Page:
COVID-19: Urgent need for a ‘strong regulatory and ethical framework’ for AI in healthcare

PACE’s rapporteur on Artificial Intelligence in healthcare, Selin Sayek Böke (Turkey, SOC), has again urged a “strong regulatory and ethical framework” for AI in health to ensure public trust, underlining the need for robust data governance, clear consent procedures, and a healthy balance between the public and private sectors.

She was speaking at a hearing on the topic during a video-conference meeting of PACE’s Committee on Social Affairs, Health and Sustainable Development. “The aim is to maximise the benefits of AI while minimizing intrusion into privacy,” she pointed out.

Effy Vayena, Professor and Chair of Bioethics, Health Ethics and Policy Lab in the Department of Health Sciences and Technology at the Swiss Federal Institute of Technology in Zurich, gave an overview of research in this area, and her assessment of how well it was being applied, notably in the emergency situation of COVID-19.

“We need a more coherent system of governance that begins with the collection of data, but continues consistently through the whole process of developing and deploying AI,” said Ms Vayena. “I would call for a comprehensive system of governance that can cover the whole process from beginning to end.”

Her team had assessed at least 84 sets of ethics guidelines for AI, she said, and most seemed to converge around a few basic principles, including transparency, fairness and safety. “A lot of good work has been done on the principles to apply, the foundations. But the problem is how to move from theory - serious and solid theory - to practice.”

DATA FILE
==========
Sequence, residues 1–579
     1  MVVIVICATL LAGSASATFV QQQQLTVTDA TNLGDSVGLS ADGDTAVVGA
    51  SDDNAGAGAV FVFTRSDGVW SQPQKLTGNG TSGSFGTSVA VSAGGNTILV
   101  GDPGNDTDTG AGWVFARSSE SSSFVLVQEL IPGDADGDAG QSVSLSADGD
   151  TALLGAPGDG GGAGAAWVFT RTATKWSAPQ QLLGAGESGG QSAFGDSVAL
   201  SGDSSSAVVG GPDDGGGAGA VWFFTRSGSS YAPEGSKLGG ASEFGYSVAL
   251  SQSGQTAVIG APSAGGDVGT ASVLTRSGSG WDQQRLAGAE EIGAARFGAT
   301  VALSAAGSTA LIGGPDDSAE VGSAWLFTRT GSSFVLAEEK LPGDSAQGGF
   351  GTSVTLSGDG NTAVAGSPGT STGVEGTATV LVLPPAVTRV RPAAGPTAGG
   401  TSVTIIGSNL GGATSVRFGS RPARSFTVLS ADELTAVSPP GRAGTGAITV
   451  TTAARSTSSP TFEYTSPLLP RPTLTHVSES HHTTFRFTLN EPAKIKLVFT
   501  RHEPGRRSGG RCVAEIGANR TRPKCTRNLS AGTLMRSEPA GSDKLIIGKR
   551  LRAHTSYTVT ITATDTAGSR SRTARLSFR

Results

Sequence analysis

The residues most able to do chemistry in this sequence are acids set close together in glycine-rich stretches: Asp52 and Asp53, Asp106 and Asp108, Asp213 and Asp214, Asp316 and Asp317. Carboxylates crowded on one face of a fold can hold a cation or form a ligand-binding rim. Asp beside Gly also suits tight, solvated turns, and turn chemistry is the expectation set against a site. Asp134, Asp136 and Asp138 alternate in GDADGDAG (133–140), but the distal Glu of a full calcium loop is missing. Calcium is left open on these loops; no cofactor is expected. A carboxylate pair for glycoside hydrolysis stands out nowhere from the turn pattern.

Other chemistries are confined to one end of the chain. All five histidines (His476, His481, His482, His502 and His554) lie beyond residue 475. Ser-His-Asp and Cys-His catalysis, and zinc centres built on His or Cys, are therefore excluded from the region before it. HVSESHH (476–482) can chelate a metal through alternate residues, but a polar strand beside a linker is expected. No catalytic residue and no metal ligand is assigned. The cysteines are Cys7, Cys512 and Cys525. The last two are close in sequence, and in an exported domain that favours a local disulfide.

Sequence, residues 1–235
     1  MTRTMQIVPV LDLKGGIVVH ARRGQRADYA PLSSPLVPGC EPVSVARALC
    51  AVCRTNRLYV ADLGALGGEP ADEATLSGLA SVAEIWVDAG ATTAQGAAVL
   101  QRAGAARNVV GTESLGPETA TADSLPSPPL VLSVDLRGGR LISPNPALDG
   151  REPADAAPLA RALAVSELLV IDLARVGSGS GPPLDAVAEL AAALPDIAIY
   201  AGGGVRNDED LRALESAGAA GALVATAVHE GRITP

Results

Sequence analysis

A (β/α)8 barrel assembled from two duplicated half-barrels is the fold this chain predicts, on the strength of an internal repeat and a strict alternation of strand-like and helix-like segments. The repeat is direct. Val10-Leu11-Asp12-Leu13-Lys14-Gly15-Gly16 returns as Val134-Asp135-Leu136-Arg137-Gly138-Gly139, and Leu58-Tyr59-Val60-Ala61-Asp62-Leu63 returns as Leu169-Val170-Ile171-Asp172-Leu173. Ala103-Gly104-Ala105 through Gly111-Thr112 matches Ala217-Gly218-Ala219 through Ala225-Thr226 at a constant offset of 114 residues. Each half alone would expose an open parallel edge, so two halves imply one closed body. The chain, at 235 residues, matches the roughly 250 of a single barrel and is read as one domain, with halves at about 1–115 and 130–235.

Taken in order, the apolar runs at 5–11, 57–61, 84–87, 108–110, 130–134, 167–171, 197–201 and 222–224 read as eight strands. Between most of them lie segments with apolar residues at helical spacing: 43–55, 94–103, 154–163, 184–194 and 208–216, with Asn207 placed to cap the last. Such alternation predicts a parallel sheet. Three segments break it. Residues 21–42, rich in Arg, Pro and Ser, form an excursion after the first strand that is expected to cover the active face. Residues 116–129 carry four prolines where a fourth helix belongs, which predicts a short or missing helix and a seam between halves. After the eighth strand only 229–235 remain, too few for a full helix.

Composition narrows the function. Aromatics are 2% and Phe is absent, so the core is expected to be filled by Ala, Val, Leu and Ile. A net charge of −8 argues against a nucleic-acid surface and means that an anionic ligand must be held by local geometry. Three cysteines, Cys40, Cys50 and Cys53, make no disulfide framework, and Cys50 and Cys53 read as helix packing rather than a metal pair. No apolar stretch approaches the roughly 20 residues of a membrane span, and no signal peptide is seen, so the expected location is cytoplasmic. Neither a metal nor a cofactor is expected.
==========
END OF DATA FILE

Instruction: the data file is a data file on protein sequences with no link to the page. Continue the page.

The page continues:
She gave the example of health-related wellness apps, where her research showed “a very messy space” in terms of the regulatory environment. Developers would create the apps, and only later others would assess them against existing guidelines: “Despite our long discussions and much scholarship, the practical application is lacking.”

Turning to the new contact-tracing apps being developed for COVID-19, she said a small handful of big-tech companies “hold the keys to the house”. “Governments can’t do it without them, but there is an incredible concentration of power in the hands of only a few players,” she pointed out. She called for clearer conditions to enable public and private to work together in the domain of AI so as to protect human rights, ensure accountability and optimise benefits for all users.